Proving a Negative

Some atheists argue that evidence for atheism cannot be provided because it is impossible—or at least unreasonable—to prove a negative. The underlying premise here immediately arouses suspicion since the argument itself cannot be proven, given its grammatically negative. Furthermore, if one means by “proof” evidence or reasons which serve to substantiate a statement of truth, it is possible to conceive how proof can be demonstrated for several negative claims. To start, a null hypothesis is generally phrased as a negative proposition, yet it can be sufficiently justified by demonstrating inductive probability. To give another example, it can reasonably be demonstrated that “Brad Pitt is not currently in my home” or that “four is not a prime number; evidence of absence or proof of impossibility is sufficient justification here. A variation of this argument suggests the idea one cannot prove a negative only applies to existential statements. Even then, nonexistence can be demonstrated reasonably through observation, as well as by proof of contradiction or incompatibility. In truth, proving a negative is no more difficult than proving a positive, especially when it comes to the existence of gods. The argument one cannot prove a negative is false and does not substantiate the claim that evidence is not needed to justify atheism. Even more, it suggests that one cannot falsify claims in general, as the aim of falsification is to prove a negative.

Agnostic Atheism

Many agnostic atheists assert that because they do not claim to know with any certainty whether or not gods exist, evidence is not required to substantiate their lack of belief. Essentially this means there is no necessity for an agnostic to justify holding to atheism. Ignore for argument sake that evidentialism should nonetheless apply to a suspension of judgment, but consider the idea that agnosticism strictly concerns knowledge whereas atheism pertains to belief. For the atheist to admit having no knowledge that justifies belief in atheism is rather self weakening given evidentialism is a theory of what it takes to believe something justifiably. Put differently, if one cannot assert atheism is true or that one can justifiably believe in atheism, there is little reason for an evidentialist to accept it. At the same time, several agnostic atheists claim either beliefs do not require justification, or that they only require justification when one is confident the belief is true. In either case, the atheist then has no personal reason to dismiss theism unless it is believed to be true. What this means is, while the arguer can dismiss that which a theist claims to know without justification, it would not follow that the arguer should altogether dismiss theism within their own reasoning, given they do not hold it to be a true belief. All things considered, the question still remains why the arguer has even presumed atheism to begin with (see “Atheism and Agnosticism” for more on this subject).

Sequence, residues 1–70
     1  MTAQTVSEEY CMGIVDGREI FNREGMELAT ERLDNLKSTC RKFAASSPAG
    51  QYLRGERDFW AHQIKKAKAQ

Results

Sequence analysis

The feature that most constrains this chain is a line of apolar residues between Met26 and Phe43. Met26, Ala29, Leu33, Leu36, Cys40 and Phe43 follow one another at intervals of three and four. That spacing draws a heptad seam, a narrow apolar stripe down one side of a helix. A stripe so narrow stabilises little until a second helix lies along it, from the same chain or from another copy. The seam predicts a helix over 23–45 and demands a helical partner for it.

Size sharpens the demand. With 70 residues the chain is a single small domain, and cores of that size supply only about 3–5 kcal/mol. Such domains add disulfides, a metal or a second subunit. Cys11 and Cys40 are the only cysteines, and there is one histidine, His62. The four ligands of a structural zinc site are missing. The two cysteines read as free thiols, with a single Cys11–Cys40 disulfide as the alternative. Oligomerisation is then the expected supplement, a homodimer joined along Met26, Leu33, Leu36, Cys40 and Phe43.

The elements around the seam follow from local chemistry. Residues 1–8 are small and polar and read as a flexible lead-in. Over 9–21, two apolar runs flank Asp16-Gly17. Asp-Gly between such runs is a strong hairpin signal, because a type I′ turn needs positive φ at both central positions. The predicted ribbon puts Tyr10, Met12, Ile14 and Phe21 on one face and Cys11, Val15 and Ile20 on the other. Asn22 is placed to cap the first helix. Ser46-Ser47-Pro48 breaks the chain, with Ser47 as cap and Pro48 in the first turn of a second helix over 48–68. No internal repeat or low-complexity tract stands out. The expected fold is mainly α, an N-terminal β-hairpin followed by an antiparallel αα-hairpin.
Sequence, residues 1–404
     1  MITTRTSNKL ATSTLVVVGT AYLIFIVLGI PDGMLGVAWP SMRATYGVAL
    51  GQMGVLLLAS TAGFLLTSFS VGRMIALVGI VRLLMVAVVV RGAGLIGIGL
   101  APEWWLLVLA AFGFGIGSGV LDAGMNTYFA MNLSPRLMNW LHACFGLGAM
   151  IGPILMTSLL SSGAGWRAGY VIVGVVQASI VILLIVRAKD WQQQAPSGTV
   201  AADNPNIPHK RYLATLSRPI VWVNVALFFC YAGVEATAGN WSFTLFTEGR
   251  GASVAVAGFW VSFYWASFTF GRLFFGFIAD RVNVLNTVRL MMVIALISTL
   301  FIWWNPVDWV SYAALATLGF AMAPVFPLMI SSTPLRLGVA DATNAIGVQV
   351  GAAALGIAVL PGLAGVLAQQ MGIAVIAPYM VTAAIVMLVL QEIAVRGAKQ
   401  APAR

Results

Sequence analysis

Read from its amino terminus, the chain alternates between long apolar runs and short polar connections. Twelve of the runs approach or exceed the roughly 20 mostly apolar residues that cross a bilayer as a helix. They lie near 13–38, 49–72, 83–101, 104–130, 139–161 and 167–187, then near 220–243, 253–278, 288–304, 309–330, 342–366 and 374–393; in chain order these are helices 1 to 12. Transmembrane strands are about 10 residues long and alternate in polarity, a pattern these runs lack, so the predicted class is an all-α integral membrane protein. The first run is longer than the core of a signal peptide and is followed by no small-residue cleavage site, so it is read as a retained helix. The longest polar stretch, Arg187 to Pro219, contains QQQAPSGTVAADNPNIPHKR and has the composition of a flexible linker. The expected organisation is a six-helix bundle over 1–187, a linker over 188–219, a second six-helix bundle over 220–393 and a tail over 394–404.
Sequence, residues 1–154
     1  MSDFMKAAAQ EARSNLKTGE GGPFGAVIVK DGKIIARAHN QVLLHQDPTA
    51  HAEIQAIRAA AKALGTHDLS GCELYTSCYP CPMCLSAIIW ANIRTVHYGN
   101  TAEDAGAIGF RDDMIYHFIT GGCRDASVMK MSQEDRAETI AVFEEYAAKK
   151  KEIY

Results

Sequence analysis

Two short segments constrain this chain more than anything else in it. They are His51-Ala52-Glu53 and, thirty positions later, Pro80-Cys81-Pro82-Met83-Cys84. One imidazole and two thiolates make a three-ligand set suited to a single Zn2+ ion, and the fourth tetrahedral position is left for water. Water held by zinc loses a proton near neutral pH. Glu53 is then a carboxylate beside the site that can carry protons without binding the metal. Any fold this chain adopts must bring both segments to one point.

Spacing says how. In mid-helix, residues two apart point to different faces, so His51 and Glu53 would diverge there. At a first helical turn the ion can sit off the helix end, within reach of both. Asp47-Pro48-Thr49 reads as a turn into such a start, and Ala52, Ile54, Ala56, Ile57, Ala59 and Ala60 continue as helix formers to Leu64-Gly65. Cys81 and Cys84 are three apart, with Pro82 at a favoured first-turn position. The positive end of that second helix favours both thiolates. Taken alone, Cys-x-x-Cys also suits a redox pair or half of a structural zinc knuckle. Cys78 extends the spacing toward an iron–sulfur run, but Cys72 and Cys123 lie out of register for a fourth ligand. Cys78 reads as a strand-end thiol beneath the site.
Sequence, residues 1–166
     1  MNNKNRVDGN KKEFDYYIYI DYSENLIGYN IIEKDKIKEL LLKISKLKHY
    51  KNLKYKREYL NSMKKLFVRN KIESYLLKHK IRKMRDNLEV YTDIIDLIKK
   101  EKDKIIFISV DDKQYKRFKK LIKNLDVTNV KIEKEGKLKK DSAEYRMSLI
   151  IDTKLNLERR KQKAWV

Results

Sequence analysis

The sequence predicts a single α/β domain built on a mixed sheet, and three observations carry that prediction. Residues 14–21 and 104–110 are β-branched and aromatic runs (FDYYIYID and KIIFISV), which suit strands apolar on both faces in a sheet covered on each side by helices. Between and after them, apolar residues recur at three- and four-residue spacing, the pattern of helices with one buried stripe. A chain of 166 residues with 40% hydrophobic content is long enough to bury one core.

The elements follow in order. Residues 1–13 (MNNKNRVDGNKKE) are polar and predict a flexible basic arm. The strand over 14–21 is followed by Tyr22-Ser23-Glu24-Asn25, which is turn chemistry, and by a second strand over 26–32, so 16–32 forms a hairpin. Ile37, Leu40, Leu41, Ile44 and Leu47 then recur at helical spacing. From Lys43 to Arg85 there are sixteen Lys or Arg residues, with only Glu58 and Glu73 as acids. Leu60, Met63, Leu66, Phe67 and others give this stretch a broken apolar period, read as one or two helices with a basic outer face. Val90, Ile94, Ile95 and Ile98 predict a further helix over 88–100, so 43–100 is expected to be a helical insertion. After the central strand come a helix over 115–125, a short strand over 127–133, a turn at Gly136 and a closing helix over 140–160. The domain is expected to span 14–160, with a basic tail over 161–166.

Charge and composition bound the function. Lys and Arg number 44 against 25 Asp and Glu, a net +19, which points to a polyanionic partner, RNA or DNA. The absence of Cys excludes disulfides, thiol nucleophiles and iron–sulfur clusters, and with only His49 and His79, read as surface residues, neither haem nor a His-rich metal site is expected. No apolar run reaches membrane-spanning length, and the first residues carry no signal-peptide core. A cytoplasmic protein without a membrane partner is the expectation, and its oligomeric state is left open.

An evidentialist approach to epistemic justification suggests that atheism should be dismissed if it is not based on evidence. Although a number of atheists say no evidence is needed to justify their position, the reasons provided fail to support this presumption. While it might be arguably appropriate to allow the burden of proof to begin with the believer during a debate, this does not negate the necessity for the evidentialist to dismiss all attitudes of belief that are not substantiated by evidence. As Flew rightfully points out, by proceeding on the presumption of atheism “the theist who wants to build a systematic and thorough apologetic finds that he is required to begin absolutely from the beginning.” When a burden of proof is likewise on the atheist, the nonbeliever is forced to start from the beginning and subject atheism to an equally rigorous process of justification. Ultimately evidentialism applies to all doxastic attitudes, including belief, disbelief and suspension. Atheism should be granted no exception.

[1]Flew, Antony. “The Presumption of Atheism.” Canadian Journal of Philosophy, vol. 2, no. 1, 1972, pp. 29–46.

[2] “presumption of innocence.” West’s Encyclopedia of American Law, edition 2. 2008. The Gale Group 14 Jul. 2016 <http://legal-dictionary.thefreedictionary.com/presumption+of+innocence>

[3] Null Hypothesis (H0)